Formatting Matters

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By Amy Giuffrida

One of the least fun things in the world for a writer to think about is formatting. However, this is so important when you are submitting your work to agents and editors. Even though your story is really what draws an agent in, skipping over the basics of formatting your manuscript can make a difference in whether or not you receive a request to see more. Why? There are two main reasons.

Reading the manuscript is difficult. 

Sending your text in an email is difficult enough, but if your font is small and your paragraphs are single spaced, all it looks like is a wall of words. It’s very hard to for an agent to read this on a computer. 

It takes time to reformat. 

You don’t want an agent or editor to be thinking right away that you’re manuscript needs to be completely overhauled before reading a word of your story. First impressions count. So, how do you format a manuscript? It’s super simple. Follow these 10 steps and your story will look amazing!

1.  Times New Roman, 12-point, black

Don’t get fancy with your text. Plain is good. If you want a special effect, reserve this for when you get published.

2.  Left justify

This sounds like something we all do; however, it’s a good reminder to NEVER center your text. If you wish for your chapter title to be centered, you may certainly do this. All other text should be aligned to the left.

3.  1 inch margins

On a standard 8 1/2 x11 inch page, you should have the document set to have 1 inch margins on every side. Most programs use this as its standard, but it is important to make sure before beginning to write.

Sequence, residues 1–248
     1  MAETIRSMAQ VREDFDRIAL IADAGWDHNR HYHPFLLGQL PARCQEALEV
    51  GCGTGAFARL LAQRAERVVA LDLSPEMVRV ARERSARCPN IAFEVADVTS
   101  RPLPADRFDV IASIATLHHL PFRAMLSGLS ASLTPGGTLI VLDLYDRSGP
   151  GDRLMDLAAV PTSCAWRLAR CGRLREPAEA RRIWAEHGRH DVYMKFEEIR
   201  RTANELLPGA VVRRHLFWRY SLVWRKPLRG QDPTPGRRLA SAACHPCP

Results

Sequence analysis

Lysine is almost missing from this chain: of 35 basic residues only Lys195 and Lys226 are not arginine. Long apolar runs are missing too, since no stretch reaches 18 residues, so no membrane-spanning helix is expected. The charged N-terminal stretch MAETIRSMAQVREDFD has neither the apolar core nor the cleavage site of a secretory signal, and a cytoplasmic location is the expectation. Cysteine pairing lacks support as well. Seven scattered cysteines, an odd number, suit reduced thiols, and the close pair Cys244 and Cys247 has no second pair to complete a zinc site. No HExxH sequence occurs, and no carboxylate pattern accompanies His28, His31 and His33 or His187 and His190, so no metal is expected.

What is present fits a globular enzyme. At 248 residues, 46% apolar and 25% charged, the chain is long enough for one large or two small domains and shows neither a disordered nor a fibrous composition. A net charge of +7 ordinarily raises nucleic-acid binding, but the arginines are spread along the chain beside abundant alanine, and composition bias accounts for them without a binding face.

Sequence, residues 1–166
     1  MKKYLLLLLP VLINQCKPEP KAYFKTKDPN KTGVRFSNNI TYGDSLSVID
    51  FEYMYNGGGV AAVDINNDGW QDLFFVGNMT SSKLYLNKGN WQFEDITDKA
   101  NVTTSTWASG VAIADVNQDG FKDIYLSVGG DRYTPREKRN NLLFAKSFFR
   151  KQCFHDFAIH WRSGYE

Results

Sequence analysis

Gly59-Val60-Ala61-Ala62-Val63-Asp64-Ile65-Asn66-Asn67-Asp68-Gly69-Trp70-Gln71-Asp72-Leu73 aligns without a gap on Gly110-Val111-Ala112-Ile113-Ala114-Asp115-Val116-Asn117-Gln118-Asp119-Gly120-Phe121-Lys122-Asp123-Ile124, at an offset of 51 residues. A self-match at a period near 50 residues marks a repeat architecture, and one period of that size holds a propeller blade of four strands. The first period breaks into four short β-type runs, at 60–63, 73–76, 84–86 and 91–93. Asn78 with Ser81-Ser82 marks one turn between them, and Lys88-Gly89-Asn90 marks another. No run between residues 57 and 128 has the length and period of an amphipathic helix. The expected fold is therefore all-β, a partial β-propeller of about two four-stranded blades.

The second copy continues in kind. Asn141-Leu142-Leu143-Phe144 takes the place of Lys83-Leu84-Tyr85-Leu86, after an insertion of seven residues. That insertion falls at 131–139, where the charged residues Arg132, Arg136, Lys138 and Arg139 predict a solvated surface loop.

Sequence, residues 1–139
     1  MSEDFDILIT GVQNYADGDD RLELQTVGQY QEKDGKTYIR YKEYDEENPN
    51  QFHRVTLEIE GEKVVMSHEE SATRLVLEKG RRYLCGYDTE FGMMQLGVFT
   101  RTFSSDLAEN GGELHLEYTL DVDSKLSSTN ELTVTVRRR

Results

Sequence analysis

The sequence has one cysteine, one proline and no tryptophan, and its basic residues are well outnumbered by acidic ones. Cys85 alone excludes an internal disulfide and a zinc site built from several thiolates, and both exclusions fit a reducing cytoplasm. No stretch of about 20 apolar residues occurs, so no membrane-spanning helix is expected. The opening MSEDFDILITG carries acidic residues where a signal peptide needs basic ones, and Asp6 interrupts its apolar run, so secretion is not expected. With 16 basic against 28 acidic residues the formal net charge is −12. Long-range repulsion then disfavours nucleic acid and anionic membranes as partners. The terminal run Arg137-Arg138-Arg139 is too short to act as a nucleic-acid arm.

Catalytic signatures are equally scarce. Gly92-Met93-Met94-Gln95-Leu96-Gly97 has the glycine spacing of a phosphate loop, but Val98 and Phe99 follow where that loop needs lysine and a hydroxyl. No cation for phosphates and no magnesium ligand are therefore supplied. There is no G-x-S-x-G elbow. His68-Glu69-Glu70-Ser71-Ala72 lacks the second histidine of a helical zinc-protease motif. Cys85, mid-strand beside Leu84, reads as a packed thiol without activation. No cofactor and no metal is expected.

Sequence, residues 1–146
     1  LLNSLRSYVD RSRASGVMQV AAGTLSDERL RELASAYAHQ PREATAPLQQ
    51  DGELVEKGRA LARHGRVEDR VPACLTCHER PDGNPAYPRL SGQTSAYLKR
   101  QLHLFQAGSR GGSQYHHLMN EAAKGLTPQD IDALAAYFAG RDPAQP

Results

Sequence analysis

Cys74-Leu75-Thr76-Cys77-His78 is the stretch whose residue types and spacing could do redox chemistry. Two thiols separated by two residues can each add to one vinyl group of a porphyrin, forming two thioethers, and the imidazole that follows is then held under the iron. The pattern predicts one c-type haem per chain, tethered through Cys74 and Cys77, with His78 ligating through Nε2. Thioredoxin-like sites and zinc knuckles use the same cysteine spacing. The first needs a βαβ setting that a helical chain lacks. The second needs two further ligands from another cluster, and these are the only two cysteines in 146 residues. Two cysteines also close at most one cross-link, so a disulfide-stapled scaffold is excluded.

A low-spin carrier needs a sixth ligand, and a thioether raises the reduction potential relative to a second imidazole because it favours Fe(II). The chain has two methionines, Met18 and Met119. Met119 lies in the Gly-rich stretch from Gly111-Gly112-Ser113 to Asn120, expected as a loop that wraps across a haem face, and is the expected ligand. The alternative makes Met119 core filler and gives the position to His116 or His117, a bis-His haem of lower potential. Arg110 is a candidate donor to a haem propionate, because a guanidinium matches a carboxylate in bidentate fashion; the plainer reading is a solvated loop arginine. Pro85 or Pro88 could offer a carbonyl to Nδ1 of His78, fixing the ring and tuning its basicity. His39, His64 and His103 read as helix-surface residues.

4.  Single space after periods

I know. I know. I was taught to use two spaces back when I had to take a typing class in junior high, but one space is the industry standard. Fixing this spacing takes a looooooong time, so it’s best to do it right the first time.

5.  Double-Space

All of your lines should be double spaced. DO NOT just use the return key to do this. Formatting correctly, you need to use your programs menu to chose double-spaced (2.0) as your spacing. There is also no need to then add extra spaces between paragraphs.

6.  .5 inch paragraph indent

Please don’t be a tabster. Hitting the tab key makes formatting later extremely difficult. You will need to format your document by choosing the “First Line” option in the program you write in. From here you are able to set the distance. 

7.  Don’t indent the first paragraph of each chapter

This is a special way fiction is formatted, so you’ll have to turn off that “First Line” option at the beginning of each chapter.

8.  Page breaks

Hitting the return key again and again to get to a new page is another way to make your story not look nice when you submit it. Depending on if you use Word or Pages, this can look like a big mess on someone else’s computer when they open your document. You want you writing to read well and look the part, so instead of hitting return to get to a new page, at the end of each chapter, insert a page break. This will take you directly to a new page. 

9.  Number your pages

Although this doesn’t matter when you send your pages in the body of an email, it will when you are sending pages via an attachment. The best placement for these are at the bottom of the page. It helps the person reading your manuscript to keep their place, so it is important.

10. Check your email formatting

Once you do all of this work and you’re ready to send out queries, the task is to keep it looking clean in the body of an email. Copying and pasting your first pages into an email doesn’t always stay nice in its transfer. No one is asking you to be perfect, but I’d advise you to create and send it to yourself first. See how it looks. If the spacing is off, fix it in the email. Don’t go into your document and make changes. You’ll want that document to be formatted correctly when you get the exciting request to see more pages.

And don’t worry. Once you get use to this standard, you will format everything this way. It will become old hat. Formatting your beautiful words will help to draw in agents and editors. There’s nothing better than a writer who takes their time and puts effort into all things writing.

Amy Giuffrida is an assistant with Holloway Literary. Follow her on Twitter @kissedbyink.